Iron in Eutrophic Clear Lake, California: Its Importance for Algal Nitrogen Fixation and Growth
Canadian Journal of Fisheries and Aquatic Sciences
National Research Council Canada
iron, eutrophic, Clear Lake, California, importance, algal nitrogen fixation, growth
Clear Lake, California, is warm, shallow, polymictic, and eutrophic. During 1975, levels of dissolved (< 0.45 μm) iron in all three basins of Clear Lake were always low (15–30 μg∙L−1) and decreased to 2 μg∙L−1 during the major bloom of Aphanizomenon flos-aquae. Nitrogen fixation (acetylene reduction) rates of the blue-green algal populations were stimulated as much as 500% above control levels by iron additions in laboratory and in situ large-volume bioassays. Carbon fixation rates and chlorophyll a levels were also significantly stimulated by iron additions, but usually less rapidly and to a lesser extent than N2 fixation. Additions of nitrate stimulated carbon fixation and chlorophyll production but inhibited increases in nitrogen fixation. Phosphate additions either had no effect or produced a mixture of stimulation or depression of all three variables. The bioassays indicate that the growth of blue-green algae and other algae in Clear Lake is usually directly limited by combined nitrogen and occasionally by iron or phosphorus. Low iron levels aggravate the effects of low nitrogen by limiting nitrogen fixation, thus reducing blue-green algal growth.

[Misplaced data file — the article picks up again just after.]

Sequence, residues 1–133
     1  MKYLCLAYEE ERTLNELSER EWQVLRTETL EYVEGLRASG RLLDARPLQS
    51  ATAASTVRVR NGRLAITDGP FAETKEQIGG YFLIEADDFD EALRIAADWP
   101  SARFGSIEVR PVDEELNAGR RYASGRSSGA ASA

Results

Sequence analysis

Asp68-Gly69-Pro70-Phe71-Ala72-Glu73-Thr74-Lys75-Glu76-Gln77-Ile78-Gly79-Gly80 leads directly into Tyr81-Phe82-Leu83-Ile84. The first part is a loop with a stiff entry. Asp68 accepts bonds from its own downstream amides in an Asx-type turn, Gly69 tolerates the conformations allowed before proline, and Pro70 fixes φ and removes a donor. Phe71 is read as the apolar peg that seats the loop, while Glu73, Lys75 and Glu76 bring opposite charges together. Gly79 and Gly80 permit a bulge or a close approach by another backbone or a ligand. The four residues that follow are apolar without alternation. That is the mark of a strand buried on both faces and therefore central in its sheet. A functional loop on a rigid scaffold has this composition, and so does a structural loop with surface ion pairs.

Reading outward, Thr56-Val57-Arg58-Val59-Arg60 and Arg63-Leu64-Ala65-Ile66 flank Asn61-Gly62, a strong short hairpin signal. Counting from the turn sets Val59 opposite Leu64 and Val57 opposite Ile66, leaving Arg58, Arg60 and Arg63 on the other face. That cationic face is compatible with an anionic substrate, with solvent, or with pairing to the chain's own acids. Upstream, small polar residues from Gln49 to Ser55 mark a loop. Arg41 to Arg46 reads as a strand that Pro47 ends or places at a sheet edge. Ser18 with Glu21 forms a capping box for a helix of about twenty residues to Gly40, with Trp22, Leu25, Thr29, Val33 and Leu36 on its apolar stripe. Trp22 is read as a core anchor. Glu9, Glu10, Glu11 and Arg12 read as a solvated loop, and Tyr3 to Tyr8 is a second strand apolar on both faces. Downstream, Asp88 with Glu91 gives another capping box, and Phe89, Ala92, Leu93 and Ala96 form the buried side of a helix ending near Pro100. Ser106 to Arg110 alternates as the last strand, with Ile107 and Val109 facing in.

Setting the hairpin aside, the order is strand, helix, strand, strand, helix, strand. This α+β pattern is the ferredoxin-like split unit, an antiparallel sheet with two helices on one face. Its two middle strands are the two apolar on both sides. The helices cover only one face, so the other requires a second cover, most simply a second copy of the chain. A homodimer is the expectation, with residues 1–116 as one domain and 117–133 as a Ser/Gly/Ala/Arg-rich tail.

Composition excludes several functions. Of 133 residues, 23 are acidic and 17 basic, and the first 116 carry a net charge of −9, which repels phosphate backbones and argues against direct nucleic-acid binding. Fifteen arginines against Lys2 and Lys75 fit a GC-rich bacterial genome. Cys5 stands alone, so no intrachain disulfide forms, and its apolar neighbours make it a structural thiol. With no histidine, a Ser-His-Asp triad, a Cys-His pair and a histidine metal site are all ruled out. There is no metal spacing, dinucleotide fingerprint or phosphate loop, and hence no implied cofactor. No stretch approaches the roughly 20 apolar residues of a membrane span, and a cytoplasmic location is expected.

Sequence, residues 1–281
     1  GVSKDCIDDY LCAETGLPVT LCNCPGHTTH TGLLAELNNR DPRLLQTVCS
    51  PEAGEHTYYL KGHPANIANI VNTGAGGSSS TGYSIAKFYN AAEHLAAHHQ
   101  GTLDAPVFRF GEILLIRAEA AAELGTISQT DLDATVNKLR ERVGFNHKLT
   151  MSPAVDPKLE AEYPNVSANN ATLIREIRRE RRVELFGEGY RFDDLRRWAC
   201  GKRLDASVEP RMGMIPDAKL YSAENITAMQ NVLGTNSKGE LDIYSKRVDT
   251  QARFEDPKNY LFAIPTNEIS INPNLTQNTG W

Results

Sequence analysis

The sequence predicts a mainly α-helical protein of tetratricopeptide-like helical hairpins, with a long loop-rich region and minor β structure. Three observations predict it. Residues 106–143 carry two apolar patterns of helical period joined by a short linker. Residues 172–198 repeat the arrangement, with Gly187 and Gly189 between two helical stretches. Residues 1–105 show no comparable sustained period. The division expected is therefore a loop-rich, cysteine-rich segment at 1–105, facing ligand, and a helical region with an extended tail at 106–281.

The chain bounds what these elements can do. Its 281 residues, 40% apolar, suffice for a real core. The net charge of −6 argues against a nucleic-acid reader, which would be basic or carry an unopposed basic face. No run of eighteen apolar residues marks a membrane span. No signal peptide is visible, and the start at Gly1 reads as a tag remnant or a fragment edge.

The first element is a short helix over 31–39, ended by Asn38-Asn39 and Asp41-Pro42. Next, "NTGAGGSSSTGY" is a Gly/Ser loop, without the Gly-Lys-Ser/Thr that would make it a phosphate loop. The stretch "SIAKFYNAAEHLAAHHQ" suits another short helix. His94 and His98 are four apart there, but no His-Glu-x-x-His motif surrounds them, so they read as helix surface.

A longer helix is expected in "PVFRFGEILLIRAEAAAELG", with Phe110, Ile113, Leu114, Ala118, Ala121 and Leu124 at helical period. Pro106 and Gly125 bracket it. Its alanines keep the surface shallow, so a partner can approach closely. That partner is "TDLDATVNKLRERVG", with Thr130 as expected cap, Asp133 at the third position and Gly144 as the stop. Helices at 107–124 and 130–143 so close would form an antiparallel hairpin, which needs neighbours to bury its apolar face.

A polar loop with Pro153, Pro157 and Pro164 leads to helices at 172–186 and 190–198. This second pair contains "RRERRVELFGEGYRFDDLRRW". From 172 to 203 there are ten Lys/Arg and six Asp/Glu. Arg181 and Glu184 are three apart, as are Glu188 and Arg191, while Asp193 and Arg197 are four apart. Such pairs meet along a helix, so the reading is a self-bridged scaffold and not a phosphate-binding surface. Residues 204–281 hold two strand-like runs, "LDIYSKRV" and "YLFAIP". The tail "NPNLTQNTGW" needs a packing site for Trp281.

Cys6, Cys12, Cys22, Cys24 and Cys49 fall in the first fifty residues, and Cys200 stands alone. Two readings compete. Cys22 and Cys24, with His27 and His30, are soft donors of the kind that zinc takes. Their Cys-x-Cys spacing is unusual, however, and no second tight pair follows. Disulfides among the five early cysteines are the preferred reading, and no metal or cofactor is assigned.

Wurtsbaugh, W. and A. Horne. 1983. Iron in eutrophic Clear Lake, California: its importance for algal nitrogen fixation and growth. Can. J. Fish. Aquat. Sci. 40: 1419-1429.